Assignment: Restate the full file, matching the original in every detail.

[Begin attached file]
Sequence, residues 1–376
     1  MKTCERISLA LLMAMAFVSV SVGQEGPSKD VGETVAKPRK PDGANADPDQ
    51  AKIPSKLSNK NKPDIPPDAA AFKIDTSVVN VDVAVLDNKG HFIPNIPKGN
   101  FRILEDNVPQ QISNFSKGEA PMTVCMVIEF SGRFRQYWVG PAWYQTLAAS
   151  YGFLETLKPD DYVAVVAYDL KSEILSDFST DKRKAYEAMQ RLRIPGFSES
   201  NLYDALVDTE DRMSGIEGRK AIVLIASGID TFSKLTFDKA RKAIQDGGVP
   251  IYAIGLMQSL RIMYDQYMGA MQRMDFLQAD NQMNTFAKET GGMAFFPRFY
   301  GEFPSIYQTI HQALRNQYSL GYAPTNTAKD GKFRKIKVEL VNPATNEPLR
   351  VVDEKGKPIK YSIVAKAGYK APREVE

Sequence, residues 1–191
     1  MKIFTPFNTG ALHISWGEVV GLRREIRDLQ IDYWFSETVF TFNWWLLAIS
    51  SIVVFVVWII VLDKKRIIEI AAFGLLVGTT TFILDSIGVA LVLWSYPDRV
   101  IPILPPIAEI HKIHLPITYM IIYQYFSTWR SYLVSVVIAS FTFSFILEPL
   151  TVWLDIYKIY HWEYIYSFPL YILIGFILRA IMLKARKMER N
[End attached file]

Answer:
Sequence, residues 1–376
     1  MKTCERISLA LLMAMAFVSV SVGQEGPSKD VGETVAKPRK PDGANADPDQ
    51  AKIPSKLSNK NKPDIPPDAA AFKIDTSVVN VDVAVLDNKG HFIPNIPKGN
   101  FRILEDNVPQ QISNFSKGEA PMTVCMVIEF SGRFRQYWVG PAWYQTLAAS
   151  YGFLETLKPD DYVAVVAYDL KSEILSDFST DKRKAYEAMQ RLRIPGFSES
   201  NLYDALVDTE DRMSGIEGRK AIVLIASGID TFSKLTFDKA RKAIQDGGVP
   251  IYAIGLMQSL RIMYDQYMGA MQRMDFLQAD NQMNTFAKET GGMAFFPRFY
   301  GEFPSIYQTI HQALRNQYSL GYAPTNTAKD GKFRKIKVEL VNPATNEPLR
   351  VVDEKGKPIK YSIVAKAGYK APREVE

Sequence, residues 1–191
     1  MKIFTPFNTG ALHISWGEVV GLRREIRDLQ IDYWFSETVF TFNWWLLAIS
    51  SIVVFVVWII VLDKKRIIEI AAFGLLVGTT TFILDSIGVA LVLWSYPDRV
   101  IPILPPIAEI HKIHLPITYM IIYQYFSTWR SYLVSVVIAS FTFSFILEPL
   151  TVWLDIYKIY HWEYIYSFPL YILIGFILRA IMLKARKMER N